Agreed in general. However, it is possible to exagerate this absence. I
know that Marx talked of capitalists as the 'personifications' of capital.
But outside Marx' economic writings, he was extremely aware of the role
of personalities. To take a small example: the pressure to turn thought
into 'Intellectual Property' comes from the system; it is impersonal. But
the actual laws proposed, the details of the tactics to take to impose
IP law are very much affected by the personal history of the people
involved, and the tactics to take to stop those laws need to take that
BTW: It was
(and is) an historical misunderstanding of the workers movement to fight
against personal power. It is hard, but we must say, that the workers
movement is a movement of establishing capitalism. The supremacy is a
subjectless one, it results from the selforganizing M-C-M'-mechanism of
the cybernetic machine.
Now you seem to me to have reached a position which I don't agree with at
all. In fact, there are two positions in this: the sentence in the middle
('It is hard...') seems to me to have no necessary connection with the
rest, so I can't argue with it - it's just a statement I don't agree with.
The rest of the paragraph I also disagree with, but I know why. You have
collapsed all of life in capitalism into a single level, the 'cybernetic
machine', and therefore lost all of politics, law, tradition etc. This
seriously limits what you can think about doing.
However, it also make the structure of your thought hard for me to follow
(like I wrote at the top, I'm not completely sure exactly where the
disagreement originates, in which idea). Your paragraph is something which
taken on it's own I would say is pure Althusser: there are no 'people',
only 'supports' ('trager'?) of economic positions. But this is the theory
of Stalinism, which tries to kill selbstentfaltung wherever it finds it.
Yet obviously this doesn't apply to you at all. So, if you have this view
of capitalism, I suppose selbstenfaltung HAS to be something innate which
is suppressed by the cybernetic machine, but bursts out when the machine
is taken away.
And now: the new period we can see at the horizon and in most
contradictions we face today is the period of the third factor in this
DFP-triangle: the development of human as an end in itself. Or in short:
selbstentfaltung. So you see, that this selbstentfaltung was and is
always present. Without it the reproduction of society would not be
possible. However until now it was only needed in a very small degree,
because an unbounded self-unfolding human is dangerous for all types of
supremacy. But now we reach a new point in the developement of
capitalism. All potences of capitalism are exhausted. This does not mean
that development stops, M-C-M' cannot stop, but it is deathmatch.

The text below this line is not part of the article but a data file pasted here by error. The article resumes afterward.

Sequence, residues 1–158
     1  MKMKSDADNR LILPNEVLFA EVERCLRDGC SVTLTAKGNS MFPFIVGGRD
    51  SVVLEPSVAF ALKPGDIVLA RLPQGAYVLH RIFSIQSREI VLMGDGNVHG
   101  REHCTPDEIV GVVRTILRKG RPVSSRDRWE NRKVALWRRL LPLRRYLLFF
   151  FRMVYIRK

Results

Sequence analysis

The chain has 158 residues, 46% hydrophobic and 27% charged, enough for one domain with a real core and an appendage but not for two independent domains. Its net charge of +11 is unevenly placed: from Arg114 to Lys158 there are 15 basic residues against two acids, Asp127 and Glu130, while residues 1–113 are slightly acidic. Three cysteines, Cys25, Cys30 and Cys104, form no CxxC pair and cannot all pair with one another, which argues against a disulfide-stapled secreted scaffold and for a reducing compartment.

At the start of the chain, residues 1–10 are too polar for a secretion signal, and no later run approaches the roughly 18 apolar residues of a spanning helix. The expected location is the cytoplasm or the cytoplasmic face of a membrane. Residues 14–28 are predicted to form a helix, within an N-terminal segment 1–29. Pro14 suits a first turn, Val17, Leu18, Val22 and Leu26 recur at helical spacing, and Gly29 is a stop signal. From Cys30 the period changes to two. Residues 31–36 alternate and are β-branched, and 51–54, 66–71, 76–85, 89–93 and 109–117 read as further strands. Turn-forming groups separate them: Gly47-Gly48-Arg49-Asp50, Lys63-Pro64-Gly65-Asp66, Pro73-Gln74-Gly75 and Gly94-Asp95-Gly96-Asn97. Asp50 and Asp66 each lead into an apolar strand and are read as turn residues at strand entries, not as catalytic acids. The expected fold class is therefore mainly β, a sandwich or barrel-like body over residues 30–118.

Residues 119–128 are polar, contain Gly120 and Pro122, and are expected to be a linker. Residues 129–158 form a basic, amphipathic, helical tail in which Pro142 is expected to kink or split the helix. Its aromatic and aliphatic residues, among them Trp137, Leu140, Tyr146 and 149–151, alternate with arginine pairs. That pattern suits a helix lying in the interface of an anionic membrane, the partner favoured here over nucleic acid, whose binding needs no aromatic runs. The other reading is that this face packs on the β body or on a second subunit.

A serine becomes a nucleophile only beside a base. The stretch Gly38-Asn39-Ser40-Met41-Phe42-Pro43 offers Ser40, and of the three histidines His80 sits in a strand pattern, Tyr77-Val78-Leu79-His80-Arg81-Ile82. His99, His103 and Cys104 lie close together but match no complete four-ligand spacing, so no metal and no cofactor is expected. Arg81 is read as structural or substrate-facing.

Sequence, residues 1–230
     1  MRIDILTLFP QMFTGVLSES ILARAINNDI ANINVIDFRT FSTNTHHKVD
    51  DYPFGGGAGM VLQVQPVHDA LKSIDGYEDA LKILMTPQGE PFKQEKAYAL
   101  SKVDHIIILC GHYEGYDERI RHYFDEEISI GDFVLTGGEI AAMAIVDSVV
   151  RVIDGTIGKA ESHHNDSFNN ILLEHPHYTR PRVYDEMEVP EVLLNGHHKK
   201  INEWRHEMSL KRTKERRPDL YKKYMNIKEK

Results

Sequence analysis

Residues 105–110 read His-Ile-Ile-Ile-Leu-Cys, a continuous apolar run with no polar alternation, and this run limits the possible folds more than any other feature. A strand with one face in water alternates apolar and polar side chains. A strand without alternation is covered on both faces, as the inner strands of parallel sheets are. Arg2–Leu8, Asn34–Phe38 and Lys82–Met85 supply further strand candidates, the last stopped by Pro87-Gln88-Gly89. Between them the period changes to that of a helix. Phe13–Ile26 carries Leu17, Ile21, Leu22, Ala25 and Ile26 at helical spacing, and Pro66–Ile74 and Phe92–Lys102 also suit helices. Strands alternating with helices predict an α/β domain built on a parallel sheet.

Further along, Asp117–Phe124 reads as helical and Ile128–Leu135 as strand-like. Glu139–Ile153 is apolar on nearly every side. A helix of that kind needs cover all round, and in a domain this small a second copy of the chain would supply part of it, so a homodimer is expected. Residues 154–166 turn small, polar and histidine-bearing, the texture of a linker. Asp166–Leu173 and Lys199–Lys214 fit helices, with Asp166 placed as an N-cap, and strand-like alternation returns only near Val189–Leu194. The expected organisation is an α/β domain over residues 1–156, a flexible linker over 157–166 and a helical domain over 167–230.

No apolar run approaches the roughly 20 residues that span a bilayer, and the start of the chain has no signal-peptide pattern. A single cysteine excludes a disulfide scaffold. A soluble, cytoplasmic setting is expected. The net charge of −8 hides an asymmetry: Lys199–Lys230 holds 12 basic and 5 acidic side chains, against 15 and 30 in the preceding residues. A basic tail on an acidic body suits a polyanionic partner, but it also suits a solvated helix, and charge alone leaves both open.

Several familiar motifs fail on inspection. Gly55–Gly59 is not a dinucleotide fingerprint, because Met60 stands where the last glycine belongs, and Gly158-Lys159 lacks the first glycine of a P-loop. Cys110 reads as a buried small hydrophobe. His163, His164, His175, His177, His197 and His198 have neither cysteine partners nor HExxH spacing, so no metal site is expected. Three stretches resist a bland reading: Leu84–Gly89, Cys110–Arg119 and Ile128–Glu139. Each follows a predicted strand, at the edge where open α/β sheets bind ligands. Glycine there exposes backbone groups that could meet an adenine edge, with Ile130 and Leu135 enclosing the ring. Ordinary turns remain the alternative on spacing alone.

Developement today means destruction. No further qualitative development
is possible on the basis of the current level of DFP.
Like everyone, I can see signs of this too. I tend to believe it's true.
But saying ALL potencies of capitalism are exhausted may be too much;
it's certainly not something you can prove one way or the other/
A new level can only come from the human itself, from a human which
self-unfolds unbounded. However, this unbounded selbstentfaltung is only
possible under conditions where my selbstentfaltung is a prerequesite of
the selbstentfaltung of all and vice versa. And these conditions are not
given (only to a small extend in the niche of FS). But steps towards are
gone everywhere. They are called lean production, kanban etc. These
management methods try to dig for the "gold in the heads". But they will
not find it, or only very small pieces. The reason is the cybernetic
machine, which always produces external demands: Don't do what you want,
do what sells on market. They try to combine it, which result in slogans
like: Do what you want, main thing is to be profitable."
However, this of course does not work. Selbstentfaltung and
Selbstverwertung (self-valorisation) is the antagonistic contradiction
-- and not work vs. capital btw.
I think this links back to what you said above. But it is just a
statement on its own here, with no proof. I'd like to know more about why
you say it.
Long sentences, short conclusion: Selbstentfaltung grew up from the DFP
and becomes at the first time in history most relevant for future
development. Under M-C-M'-conditions selbstentfatung is always bounded,
only a mediation between individuals and society which base on
non-coercive, non-alienated forms can unfold the real power of
selbstentfaltung. This implies the absense of all old forms produced by
the cybernetic machine: state, money, exchange.
No, this implies the absence of money and exchange. The absence of the
state MAY also be implied, but the mediating steps are missing in the
argument. This is another form of my query that you are replying to..
As you see, selbstentfaltung is not an idealistic concept, it bases on
materialist theory grounds. However, you must not follow this thinking
to be inpired from the idea of selbstentfaltung. It is quite "natural".
I think you mean 'need not', not 'must not' ('du kannst nicht..').
But what is idealism and what is materialism is not an argument I intend
to get sucked into ;-)